Recently I’ve taken to editing while in the bathroom.

Then there is the topic of supervision. It’s true, I no longer need to worry about them accidentally ingesting  soap, or keeping a baby gate up so that they don’t tumble down the stairs — but there is a new set of worries that come with having children who are a few years away from voting.

I’m uncomfortable leaving my children alone for long stretches of time. They are capable of being on their own for awhile, and make use of the stove safely, as well as the Domino’s Pizza App, but teens still need an adult presence. I vividly remember the antics I got into as a teenager between the hours of 3 to 6, before my mother got home from work, and can’t help but think moms should be allowed the right to have a flexible enough job that they can effectively parent teenagers just as well as they parented their babies. Companies need to put a value on family life and offer alternatives to mothers, and dads too, who are raising human beings.

Teens require a lot of guidance, and often finding the balance between work and motherhood is fraught with difficulties that rival when our children were infants. Yes, teens need their freedom, but I still feel stress and anxiety at the onset of summer, knowing I’m going to be at work for nine hours, and the kids will be home in an empty house with no one telling them to get off their phones or unload the dishwasher.

I try to be proactive before the stress and anxiety strike. I’ve adopted quality over quantity as my mantra and try to make the evenings I am home as family centered as possible. We do Wednesday movie night each week, and try to do one activity on Saturday that does not involve Wifi. I also hoard my PTO so that I can take two weeks off in the summertime to be with my boys.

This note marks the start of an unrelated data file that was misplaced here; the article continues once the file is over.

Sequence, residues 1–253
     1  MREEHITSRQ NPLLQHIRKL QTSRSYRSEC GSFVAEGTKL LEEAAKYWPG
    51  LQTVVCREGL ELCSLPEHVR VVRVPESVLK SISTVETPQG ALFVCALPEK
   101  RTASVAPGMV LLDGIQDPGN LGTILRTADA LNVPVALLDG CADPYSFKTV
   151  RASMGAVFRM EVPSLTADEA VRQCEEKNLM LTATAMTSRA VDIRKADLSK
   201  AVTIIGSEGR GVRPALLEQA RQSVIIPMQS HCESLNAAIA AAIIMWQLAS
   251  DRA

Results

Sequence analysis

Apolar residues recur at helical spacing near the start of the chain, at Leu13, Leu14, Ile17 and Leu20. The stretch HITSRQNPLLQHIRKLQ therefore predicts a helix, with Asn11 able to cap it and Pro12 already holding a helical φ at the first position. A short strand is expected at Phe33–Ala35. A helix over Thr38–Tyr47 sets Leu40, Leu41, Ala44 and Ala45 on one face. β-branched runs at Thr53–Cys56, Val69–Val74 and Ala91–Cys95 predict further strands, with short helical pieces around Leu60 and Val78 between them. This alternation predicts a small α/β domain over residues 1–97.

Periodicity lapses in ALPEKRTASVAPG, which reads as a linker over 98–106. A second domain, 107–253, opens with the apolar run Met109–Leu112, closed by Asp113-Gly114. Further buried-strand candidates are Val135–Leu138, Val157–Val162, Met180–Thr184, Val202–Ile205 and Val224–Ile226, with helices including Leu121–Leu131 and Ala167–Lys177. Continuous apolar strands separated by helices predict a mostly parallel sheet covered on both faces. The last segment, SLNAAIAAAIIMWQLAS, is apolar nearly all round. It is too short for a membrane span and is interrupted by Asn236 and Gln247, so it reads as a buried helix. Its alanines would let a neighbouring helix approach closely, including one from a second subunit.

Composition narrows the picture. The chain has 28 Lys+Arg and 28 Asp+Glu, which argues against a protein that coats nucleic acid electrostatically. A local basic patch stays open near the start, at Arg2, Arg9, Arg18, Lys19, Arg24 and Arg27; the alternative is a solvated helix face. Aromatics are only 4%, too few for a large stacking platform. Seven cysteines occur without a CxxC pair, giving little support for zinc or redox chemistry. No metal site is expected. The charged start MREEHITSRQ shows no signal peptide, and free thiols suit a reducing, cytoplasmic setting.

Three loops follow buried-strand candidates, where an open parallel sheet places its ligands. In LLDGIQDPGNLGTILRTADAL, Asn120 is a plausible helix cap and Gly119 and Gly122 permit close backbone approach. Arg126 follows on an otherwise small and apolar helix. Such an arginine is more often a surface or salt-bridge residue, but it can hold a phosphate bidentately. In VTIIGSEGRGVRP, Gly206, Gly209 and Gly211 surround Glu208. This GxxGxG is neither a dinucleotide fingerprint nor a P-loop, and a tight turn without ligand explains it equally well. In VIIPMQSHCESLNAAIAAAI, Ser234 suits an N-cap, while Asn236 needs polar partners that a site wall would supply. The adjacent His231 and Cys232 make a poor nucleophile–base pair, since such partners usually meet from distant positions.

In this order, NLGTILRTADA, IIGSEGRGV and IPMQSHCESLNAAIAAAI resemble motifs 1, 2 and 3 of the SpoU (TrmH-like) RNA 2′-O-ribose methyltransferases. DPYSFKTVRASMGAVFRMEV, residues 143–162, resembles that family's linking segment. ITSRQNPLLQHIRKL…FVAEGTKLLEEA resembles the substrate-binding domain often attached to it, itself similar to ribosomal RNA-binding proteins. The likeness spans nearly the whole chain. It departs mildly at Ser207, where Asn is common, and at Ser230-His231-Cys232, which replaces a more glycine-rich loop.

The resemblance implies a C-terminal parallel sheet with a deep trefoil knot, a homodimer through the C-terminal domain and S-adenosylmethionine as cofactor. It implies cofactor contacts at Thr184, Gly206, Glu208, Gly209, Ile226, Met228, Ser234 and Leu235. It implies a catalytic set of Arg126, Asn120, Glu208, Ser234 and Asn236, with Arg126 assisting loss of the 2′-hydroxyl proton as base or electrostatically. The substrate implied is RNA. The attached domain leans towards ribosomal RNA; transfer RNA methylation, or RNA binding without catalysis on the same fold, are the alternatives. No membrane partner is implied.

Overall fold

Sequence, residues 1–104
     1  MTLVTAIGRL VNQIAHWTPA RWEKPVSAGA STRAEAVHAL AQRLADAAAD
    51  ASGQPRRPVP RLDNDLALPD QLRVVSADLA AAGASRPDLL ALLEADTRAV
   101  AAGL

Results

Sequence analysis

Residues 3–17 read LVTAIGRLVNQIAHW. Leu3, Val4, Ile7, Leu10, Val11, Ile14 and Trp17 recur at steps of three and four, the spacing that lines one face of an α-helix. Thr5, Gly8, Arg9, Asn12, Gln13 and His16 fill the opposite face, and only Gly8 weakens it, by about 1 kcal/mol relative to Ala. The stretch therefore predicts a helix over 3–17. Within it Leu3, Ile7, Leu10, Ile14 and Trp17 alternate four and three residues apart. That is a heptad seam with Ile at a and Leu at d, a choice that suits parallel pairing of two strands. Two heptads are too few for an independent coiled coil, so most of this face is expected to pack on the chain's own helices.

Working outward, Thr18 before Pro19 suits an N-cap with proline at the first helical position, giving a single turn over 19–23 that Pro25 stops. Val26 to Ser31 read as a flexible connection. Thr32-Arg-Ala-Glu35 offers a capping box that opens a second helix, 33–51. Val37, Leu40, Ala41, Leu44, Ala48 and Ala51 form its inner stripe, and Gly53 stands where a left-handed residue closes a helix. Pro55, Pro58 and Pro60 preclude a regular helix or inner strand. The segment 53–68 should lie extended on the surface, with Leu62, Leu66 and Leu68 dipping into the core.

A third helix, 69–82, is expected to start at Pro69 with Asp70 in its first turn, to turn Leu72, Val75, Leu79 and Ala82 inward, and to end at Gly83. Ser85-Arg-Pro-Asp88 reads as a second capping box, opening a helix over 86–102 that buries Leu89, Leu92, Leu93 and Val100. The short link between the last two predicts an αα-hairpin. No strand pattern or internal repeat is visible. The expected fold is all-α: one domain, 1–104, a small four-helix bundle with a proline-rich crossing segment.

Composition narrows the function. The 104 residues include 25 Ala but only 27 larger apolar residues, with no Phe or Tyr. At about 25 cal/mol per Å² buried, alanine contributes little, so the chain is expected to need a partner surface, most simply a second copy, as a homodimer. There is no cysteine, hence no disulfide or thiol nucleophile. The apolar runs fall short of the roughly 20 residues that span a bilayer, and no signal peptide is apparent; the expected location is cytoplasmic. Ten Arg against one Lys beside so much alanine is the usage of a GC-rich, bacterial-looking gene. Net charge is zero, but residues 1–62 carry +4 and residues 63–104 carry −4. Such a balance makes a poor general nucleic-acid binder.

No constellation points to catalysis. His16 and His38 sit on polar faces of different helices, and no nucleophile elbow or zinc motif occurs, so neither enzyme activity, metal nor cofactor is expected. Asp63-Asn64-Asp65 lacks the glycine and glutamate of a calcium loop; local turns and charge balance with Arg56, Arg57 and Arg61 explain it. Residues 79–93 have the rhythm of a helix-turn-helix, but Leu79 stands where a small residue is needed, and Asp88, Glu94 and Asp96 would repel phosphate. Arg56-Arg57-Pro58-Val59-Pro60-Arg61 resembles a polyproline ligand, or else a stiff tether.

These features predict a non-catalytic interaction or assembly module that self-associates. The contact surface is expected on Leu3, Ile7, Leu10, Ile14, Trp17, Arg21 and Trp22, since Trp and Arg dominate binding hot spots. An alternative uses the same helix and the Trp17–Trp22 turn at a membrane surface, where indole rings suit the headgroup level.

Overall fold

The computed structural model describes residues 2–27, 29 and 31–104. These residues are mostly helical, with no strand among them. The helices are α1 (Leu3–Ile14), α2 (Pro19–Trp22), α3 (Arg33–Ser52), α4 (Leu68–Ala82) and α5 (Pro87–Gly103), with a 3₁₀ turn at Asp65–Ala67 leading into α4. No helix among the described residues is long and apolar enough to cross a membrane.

But still there are roadblocks I encounter. I’m often dismayed at the lack of support mothers are given in the workplace. As progressive as the US is, we really straggle behind in our empathy and help for working mothers compared to other industrialized countries. This insufficiency can cause huge strains on a traditional nuclear family, let alone a single mother like myself.

It’s not surprising that guilt and stress are so rampant among American moms.

It’s not uncommon for mothers to decide to take time from work when their children are small, but the truth is, teenagers are in great need of their parents as well. Keeping up with extracurricular activities alone could be considered a part time job. Shuffling back and forth to practice and clubs, volunteering to cook or decorate for school plays and dances can be hectic, so it’s essential workplaces should be flexible and understanding. This can be especially challenging if your supervisor doesn’t have kids. And if you don’t have a strong network of family close by to pitch in, a mom can end up feeling alone, depressed and very overwhelmed.

I’m enormously grateful I have a job, and love that I get to freelance on the side. I’m certainly not proposing mothers give up working — after all there’s only a certain amount of that Fortnite music one can take — but I am proposing American employers and companies put a value on parenthood, respect motherhood, and strive to help women manage the balance between work and children.

No matter what age they are.